Basic emotion method and "accuracy"

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Chapter 3 endnote 5, from How Emotions are Made: The Secret Life of the Brain by Lisa Feldman Barrett.
Some context is:

Test subjects from all around the world (Germany, France, Italy, United Kingdom, Scotland, Switzerland, Sweden, Greece, Estonia, Argentina, Brazil, and Chile) choose the expected word or face about 85 percent of the time on average. [...] In the basic emotion method, choosing the expected emotion word is called “accuracy,” which is a misnomer.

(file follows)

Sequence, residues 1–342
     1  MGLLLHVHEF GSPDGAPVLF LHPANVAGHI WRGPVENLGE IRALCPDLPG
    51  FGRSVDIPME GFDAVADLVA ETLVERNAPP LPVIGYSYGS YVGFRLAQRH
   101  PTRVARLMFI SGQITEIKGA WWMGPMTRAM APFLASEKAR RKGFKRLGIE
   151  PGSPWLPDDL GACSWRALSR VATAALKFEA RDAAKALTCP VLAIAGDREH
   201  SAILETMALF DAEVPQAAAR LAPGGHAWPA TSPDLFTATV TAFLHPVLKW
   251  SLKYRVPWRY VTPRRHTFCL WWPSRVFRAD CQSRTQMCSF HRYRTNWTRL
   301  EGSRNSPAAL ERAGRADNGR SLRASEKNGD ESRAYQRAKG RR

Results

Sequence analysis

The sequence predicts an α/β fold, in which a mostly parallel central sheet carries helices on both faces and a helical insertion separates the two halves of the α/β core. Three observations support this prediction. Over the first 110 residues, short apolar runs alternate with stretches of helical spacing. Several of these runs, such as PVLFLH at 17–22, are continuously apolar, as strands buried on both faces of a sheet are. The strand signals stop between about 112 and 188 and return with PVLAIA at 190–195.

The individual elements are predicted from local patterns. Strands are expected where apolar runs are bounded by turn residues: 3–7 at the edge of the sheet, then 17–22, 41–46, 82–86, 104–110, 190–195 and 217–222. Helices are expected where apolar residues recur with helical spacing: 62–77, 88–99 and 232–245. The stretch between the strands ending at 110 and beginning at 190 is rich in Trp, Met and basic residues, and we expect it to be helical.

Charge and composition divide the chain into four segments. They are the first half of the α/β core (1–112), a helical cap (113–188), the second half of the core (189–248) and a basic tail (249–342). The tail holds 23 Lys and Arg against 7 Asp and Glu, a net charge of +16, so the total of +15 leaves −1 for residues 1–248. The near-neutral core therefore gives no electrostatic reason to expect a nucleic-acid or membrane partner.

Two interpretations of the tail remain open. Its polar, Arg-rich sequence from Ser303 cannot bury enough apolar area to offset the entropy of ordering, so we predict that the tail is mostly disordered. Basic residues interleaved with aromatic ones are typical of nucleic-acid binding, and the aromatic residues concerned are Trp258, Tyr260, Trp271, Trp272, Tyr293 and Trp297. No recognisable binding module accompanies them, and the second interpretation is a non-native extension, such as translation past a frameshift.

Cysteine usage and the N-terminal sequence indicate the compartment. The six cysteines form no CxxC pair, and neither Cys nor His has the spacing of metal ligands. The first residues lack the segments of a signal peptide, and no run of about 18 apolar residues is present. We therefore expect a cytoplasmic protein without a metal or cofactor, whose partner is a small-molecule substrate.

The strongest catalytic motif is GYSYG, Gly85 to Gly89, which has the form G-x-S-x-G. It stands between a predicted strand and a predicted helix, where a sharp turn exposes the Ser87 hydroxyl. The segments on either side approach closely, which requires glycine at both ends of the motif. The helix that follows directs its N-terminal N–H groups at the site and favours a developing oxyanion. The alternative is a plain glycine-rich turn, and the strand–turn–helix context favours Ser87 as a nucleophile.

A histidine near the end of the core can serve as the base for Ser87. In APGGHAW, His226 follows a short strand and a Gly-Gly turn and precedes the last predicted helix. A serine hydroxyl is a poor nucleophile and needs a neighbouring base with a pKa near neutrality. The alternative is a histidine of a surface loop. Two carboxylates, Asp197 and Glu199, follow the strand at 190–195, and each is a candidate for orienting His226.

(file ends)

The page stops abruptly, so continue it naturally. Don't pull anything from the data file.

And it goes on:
The basic emotion method seems simple—just match a face with a word or story “accurately.” But if you think about it, “accuracy” is a misnomer because the photos are posed, not taken during spontaneous instances of emotion, so there is nothing to be “accurate” about. Moreover, we’ve learned that there are no objective fingerprints of emotion, so there’s no way to check “accuracy.”

Instead, the theory of constructed emotion reframes the question in terms of expectation rather than accuracy. Did the subject choose the emotion word that the experimenter expects? This is what scientists call “agreement” with the experimenter’s expectation.